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USCIS Form I-130 - Petition for Alien Relative

If you wish to bring a family member to the USA, you must file USCIS Form I-130. We give you an overview of the form, the eligibility criteria, the fees, the required documents, and the processing times.

What is Form I-130?

Form I-130, also known as Petition for Alien Relative, is intended to prove a valid family relationship between US citizens or Green Card holders and a relative seeking to immigrate to the United States.

The form usually marks the first step in the family-based Green Card process and is to be submitted to the U.S. Citizenship and Immigration Services (USCIS).

Who needs to file Form I-130?

In general, the I-130 Form can be filed by an adult US citizen or Green Card holder FOR another person seeking a Green Card.

US citizens are able to file the petition for their:

  • spouses
  • children
  • parents
  • siblings

Green Card holders can submit a request for their:

  • spouses
  • unmarried children


In this context, the US citizen or Green Card holder filing the petition is generally referred to as the sponsor or petitioner. The person, on whose behalf the I-130 petition is filed, is called the beneficiary.

Which supporting documents are required for Form I-130?

Along with Form I-130, the petitioner and beneficiary must submit documents that prove the petitioner is a US citizen or Green Card holder and that a valid family relationship exists between the two. These documents usually include a copy of:

  • the US passport of the sponsor
  • the US birth certificate, naturalization certificate, or Green Card of the sponsor
  • the foreign passport of the beneficiary

Depending on your case, you may also require to submit copies of:

  • the marriage certificate
  • joint bank account statements
  • couple photos
  • divorce papers of a former marriage
  • certificate of annulment of a former marriage
  • death certificate of a former spouse
  • certificate proofing an official name change
  • adoption papers


If any of these documents are in a language other than English, you also require English translations made by a certified translator.

How to file Form I-130?

The USCIS website provides a free download of Form I-130. After downloading, you can either fill it in on your computer or by hand.

Form I-130 basically collects information about the sponsor and the beneficiary and serves to prove their claim to file a Green Card application. The 12-page long I-130 Form consists of 9 parts, which include:

  • Part 1: Relationship of petitioner and beneficiary
  • Part 2: Information about the petitioner
  • Part 3: Biographic information about the petitioner
  • Part 4: Information about the beneficiary
  • Part 5: Other information
  • Part 6: Petitioner’s statement, contact information, declaration, and signature
  • Part 7: Interpreter’s contact information, certification, and signature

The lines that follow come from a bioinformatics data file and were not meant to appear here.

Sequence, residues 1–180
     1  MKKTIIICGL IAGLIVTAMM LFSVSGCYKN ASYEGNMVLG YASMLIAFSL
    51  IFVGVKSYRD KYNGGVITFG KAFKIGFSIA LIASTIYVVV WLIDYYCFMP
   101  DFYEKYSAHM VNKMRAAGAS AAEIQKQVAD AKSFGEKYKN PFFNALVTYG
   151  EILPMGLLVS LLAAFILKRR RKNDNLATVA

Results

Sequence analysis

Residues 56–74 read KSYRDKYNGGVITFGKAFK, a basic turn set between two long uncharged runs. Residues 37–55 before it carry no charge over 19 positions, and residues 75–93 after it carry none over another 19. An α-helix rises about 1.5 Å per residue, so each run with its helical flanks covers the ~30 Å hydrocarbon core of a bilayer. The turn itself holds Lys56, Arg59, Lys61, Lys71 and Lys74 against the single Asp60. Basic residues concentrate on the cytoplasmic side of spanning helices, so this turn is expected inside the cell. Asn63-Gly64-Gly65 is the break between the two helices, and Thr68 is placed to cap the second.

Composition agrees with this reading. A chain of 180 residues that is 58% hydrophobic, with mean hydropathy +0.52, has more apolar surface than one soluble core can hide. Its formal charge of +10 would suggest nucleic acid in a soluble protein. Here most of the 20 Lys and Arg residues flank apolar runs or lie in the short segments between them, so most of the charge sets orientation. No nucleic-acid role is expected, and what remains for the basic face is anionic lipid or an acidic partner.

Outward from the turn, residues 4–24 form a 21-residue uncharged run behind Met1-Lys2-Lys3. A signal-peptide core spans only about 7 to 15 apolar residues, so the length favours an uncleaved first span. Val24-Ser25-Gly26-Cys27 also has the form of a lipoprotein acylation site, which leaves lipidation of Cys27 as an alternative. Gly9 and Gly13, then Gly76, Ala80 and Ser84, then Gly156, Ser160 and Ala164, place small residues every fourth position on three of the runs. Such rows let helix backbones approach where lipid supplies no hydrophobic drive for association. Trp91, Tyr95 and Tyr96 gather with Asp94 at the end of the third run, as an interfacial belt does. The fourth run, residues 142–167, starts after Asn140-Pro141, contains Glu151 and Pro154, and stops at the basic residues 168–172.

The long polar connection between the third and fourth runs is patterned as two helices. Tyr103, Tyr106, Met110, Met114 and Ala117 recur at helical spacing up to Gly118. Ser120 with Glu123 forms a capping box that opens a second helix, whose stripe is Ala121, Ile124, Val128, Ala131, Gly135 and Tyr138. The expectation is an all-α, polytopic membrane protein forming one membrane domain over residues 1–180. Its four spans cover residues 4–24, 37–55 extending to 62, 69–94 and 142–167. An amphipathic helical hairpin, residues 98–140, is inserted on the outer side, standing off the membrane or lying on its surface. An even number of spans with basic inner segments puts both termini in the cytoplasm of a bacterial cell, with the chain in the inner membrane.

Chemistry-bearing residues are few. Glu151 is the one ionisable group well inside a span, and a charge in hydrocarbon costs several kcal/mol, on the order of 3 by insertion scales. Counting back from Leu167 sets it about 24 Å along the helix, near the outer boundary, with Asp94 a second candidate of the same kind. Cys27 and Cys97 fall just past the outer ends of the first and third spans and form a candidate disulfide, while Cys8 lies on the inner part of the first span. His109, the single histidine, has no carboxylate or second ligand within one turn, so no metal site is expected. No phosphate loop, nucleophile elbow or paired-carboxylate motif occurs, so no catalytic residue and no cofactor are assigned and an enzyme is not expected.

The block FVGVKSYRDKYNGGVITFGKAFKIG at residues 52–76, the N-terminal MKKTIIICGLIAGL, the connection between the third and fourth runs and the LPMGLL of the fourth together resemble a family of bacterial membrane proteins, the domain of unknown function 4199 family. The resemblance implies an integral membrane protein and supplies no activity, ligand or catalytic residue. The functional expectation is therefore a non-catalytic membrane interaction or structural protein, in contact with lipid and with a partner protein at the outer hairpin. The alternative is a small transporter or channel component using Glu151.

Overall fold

• Part 8: Contact information, declaration, and signature of the person preparing the petition, if other than the petitioner
  • Part 9: Additional information (You can use Part 9 at the end of the form, if you need additional space to answer a question.)


The petitioner’s signature needs to be handwritten and in ink.

How much does Form I-130 cost?

The fee for filing Form I-130 is currently $ 675 for paper filing and $ 625 for online filing (as of April 2024).

As the Green Card process advances, more costs will occur. For example, Green Card applicants will also have to expect fees for submitting Form I-485 and taking part in a biometrics appointment.

How long is the processing time for Form I-130?

The processing time for Form I-130 varies between 5 and 12 months for immediate relatives such as spouses or children under the age of 21 years. However, Green Card seekers of other family preference categories usually have to face longer waiting times that may take several years.

Typically, you can expect the following processing times after filing Form I-130:

  • 2 - 3 weeks after filing Form I-130: The USCIS will mail you a notice confirming receipt of your petition (Form I-797C, Notice of Action). However, if you did not correctly file Form I-130, you will be sent a Notice of Action rejecting the petition or a Request for Evidence requesting additional documents. So, to avoid significant delays in your petition, make sure to fill in the form correctly and submit all required documents.
  • 2 - 4 weeks after filing Form I-130: The USCIS will begin to process your request. Yet there is a difference between immediate relatives (spouses, unmarried children under 21 years, parents of US citizens) and other family preference categories. Immediate relatives will be given priority and have their form reviewed as soon as possible.
  • Immediate relatives, 5 - 12 months after filing Form I-130: Most applications for immediate relatives are approved within 5 to 9 months. In some cases, longer waiting times may occur.
  • Other preference categories, 6 months - 20+ years after filing Form I-130: Applicants in the family preference category may face long waiting times, as the amount of visas issued to them is limited each year. Your place in line is determined by your priority date, i.e., the date your request was filed. More detailed information about the current priority dates and waiting times can be found in the USCIS’ monthly Visa Bulletin.

The next step of your Green Card application

Once a valid family relationship has been established through Form I-130, filing Form I-485 will enable the beneficiary to receive the status of lawful permanent US resident. Welcome to the USA!

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